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Media shines a light on KC’s unsavory usury industry

Late last fall, while driving south down Metcalf Avenue from 71st to 95th street, this examiner noticed a slight change in the usual new/used-car dealer/auto-repair shop/gas station/fast-food roadside scenery. A number of new pawn shops and payday-loan places had popped up, adding a seedy Vegas-y tone to the otherwise bland, heavily trafficked spine of Overland Park, Kan.

Around the same time, a cover story in Kansas City’s The Pitch identified Johnson County, Kan., as a mecca for the payday-loan industry. The article tied the ungodly usury business to local-area churches—specifically to St. Ann’s Catholic Church in Prairie Village, Kan., where many parishioners had become mixed up in the predatory online usury business.

It seems that some St. Ann’s parishioners were growing extremely wealthy on the backs of the desperately poor who frequent payday places and online website. The parishioners flaunted their newfound fortunes by buying mansions in Mission Hills and upscale sports cars. Some of the money also found its way onto St. Ann’s collection plates—as five- and six-figure donation checks.

More recently, the suicide of Leawood, Kan., man Blaine Tucker became front-page news in the Kansas City Star, following a series of Star stories about Tucker and his brother, businessman and race car driver Scott Tucker. The brothers, both St. Ann members, became defendants in a lawsuit filed in Nevada by the Federal Trade Commission (FTC) over the dealings of their payday loan business, AMG Services Inc.

As The Star observed: “One of the FTC complaints against Blaine and Scott Tucker, plus others, claimed they ‘made multiple withdrawals from borrowers’ bank accounts and assessed a new finance fee each time, without disclosing the true costs of the loan....In many cases, the defendants’ inflated fees left borrowers with supposed debts of more than triple the amount they had borrowed.”

Some payday loan companies can charge interest rates up to the beyond-exorbitant rate of 700%, and some borrowers are never able to dig their way out, effectively becoming economic slaves to the loans. A follow-up Star editorial about the suicide opined, “Unfortunately, some of the worst practices have roots in the Kansas City area. The concentration of online lending operations here is not a point of regional pride, but it does point to a wealth of financial, technical and legal expertise and creativity.”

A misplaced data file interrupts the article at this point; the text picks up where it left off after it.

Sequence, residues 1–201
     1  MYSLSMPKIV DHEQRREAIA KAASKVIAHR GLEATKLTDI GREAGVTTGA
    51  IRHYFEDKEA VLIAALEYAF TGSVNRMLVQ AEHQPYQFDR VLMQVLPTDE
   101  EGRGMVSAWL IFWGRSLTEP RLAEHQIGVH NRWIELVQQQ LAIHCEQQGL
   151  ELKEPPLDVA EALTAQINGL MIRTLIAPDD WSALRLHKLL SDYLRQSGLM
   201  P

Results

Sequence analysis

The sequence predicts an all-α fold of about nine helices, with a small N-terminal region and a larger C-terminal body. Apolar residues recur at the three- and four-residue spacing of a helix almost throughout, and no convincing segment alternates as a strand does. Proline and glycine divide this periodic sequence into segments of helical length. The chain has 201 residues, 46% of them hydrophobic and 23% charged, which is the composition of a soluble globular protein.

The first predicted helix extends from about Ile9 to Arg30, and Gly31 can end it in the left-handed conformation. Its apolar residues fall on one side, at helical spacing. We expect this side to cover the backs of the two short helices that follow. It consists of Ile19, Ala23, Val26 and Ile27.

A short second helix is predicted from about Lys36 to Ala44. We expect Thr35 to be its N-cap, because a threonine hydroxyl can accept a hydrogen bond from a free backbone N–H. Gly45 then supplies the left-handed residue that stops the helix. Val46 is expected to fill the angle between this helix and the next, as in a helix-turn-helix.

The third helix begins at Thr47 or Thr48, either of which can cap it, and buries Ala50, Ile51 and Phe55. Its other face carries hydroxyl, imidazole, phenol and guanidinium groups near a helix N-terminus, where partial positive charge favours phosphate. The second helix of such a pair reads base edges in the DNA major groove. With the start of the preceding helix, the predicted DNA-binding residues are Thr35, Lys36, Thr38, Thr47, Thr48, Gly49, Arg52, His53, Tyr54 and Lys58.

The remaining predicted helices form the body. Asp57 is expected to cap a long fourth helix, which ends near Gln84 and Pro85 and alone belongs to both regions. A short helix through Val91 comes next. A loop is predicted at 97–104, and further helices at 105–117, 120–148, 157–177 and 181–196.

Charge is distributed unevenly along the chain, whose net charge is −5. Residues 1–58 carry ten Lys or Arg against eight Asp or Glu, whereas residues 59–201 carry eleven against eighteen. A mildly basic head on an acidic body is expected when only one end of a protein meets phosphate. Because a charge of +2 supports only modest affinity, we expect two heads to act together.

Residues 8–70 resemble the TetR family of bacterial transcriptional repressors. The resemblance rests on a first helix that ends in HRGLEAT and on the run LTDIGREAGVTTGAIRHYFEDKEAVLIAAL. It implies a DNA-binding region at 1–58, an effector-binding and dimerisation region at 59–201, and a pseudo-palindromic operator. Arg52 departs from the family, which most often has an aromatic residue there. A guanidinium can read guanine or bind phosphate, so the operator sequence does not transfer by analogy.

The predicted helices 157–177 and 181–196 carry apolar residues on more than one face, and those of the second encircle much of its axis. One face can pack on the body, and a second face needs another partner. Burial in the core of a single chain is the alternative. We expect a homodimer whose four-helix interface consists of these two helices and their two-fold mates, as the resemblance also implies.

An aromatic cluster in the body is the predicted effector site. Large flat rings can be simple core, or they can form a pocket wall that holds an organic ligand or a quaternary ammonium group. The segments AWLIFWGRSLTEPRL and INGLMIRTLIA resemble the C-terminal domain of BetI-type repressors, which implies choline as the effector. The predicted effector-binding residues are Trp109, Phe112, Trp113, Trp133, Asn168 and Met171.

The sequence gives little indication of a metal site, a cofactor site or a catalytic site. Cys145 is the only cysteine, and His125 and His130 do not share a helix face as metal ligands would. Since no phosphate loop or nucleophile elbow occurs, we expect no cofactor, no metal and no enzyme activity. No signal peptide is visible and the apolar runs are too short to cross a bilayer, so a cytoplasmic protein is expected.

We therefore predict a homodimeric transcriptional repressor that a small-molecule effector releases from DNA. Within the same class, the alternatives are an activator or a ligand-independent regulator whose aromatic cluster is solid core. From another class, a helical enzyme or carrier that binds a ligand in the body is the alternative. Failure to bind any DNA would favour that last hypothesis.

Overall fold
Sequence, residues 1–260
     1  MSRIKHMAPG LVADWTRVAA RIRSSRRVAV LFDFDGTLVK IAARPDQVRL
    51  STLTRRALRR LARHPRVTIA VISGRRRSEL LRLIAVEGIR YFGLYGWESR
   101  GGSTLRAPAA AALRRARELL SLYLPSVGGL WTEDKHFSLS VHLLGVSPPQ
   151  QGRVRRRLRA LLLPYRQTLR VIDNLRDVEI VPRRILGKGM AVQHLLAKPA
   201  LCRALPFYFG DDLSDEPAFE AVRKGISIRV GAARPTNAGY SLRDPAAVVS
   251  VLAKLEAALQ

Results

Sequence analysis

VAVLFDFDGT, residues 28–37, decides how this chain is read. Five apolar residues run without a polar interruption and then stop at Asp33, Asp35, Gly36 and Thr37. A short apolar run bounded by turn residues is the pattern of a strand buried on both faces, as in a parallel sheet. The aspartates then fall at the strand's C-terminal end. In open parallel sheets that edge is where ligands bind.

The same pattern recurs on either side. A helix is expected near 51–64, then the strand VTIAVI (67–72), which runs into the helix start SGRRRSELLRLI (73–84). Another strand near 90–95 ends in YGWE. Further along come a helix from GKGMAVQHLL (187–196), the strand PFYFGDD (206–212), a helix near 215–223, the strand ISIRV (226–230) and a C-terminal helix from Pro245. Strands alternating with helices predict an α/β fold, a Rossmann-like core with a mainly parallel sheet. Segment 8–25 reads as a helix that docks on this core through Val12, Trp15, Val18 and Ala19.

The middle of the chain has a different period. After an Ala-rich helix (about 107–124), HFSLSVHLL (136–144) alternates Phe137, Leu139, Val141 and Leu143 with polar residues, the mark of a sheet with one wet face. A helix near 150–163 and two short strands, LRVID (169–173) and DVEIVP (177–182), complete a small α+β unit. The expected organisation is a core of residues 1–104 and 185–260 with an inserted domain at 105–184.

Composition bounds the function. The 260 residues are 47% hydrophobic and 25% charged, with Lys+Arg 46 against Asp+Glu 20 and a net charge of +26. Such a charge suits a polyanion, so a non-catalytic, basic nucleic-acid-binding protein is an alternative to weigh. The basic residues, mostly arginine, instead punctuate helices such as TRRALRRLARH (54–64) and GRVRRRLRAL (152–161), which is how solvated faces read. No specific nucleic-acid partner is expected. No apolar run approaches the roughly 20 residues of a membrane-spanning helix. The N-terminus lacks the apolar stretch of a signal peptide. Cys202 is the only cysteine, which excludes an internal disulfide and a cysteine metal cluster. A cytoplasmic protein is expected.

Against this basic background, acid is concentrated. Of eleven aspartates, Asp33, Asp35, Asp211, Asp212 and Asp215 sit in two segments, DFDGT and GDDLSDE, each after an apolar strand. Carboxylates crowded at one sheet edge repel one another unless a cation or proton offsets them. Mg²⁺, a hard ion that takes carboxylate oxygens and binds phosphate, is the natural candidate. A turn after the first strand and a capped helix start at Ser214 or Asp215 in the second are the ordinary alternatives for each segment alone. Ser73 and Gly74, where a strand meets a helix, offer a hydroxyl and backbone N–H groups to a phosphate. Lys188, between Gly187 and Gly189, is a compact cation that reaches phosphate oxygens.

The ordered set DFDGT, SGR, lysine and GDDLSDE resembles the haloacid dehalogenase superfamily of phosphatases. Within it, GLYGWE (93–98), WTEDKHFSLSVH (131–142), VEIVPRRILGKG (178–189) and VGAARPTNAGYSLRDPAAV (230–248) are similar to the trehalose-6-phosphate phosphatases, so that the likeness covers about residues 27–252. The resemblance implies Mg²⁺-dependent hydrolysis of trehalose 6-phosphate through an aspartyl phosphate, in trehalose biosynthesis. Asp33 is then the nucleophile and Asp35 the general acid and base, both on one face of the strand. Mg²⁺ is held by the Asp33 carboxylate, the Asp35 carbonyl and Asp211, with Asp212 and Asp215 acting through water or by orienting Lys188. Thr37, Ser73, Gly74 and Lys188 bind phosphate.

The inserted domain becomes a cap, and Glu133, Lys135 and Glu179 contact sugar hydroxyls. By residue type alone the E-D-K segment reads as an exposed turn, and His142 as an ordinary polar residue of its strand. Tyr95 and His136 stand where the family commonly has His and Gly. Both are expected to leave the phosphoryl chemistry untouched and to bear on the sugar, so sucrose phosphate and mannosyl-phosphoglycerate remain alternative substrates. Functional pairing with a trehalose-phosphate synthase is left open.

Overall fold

Like many other online payday lenders, Scott Tucker merged his company with a Native American tribe, giving AMG Services regulatory immunity that allowed it to continue its controversial business practices. However, on March 24th, as reported in The Pitch, “Tucker—and by extension the entire online payday-lending industry—got bonked again. A U.S. District Judge ruled in favor of the FTC, affirming that AMG Services is within the reach of FTC enforcement actions, and that the commission has “the authority to bring suit against Indian Tribes, arms of Indian Tribes, and employees and contractors of arms of Indian Tribes.”

According to The Art and Popular Culture Encyclopedia, “A payday loan (also called a paycheck advance) is a small, short-term loan that is intended to cover a borrower's expenses until his or her next payday. The loans are also sometimes referred to as cash advances, though that term can also refer to cash provided against a prearranged line of credit such as a credit card. Legislation regarding payday loans varies widely among U.S. states. Some jurisdictions impose strict usury limits, limiting the nominal annual percentage rate (APR) that any lender, including payday lenders, can charge; some outlaw payday lending entirely; and some have very few restrictions on payday lenders.”

Last month, Missouri state lawmakers sent legislation to the House that would prohibit a borrower from renewing a payday loan. Under current Missouri law, a payday loan can be no larger than $500 and can run only from 14 to 31 days, but a loan can be rolled over up to six times. The legislation, which senators passed 20-13, also would give buyers more time to pay off a loan, and lenders wouldn’t be able to charge additional fees or interest during that period, which could last up to 120 days.

Senator Scott Sifton, D-Affton, said he was concerned about people who got loans from multiple lenders, which could perpetuate debt. But Sen. Ed Emery, R-Lamar, said that wasn’t a problem for the Legislature. “I don’t believe it’s the government's responsibility to make every one of my bad decisions turn out right,” he said.

In other recent local news, an August 2013 story in The Star reported that Kansas City ranks second in the nation (behind Houston) in the percentage of men—14%—who respond to online sex ads from prostitutes, according to a study by Arizona State University. So far no churches have been implicated in receiving prostitution money—and no state senators have advocated regulatory or free-market solutions for the prostitution business.

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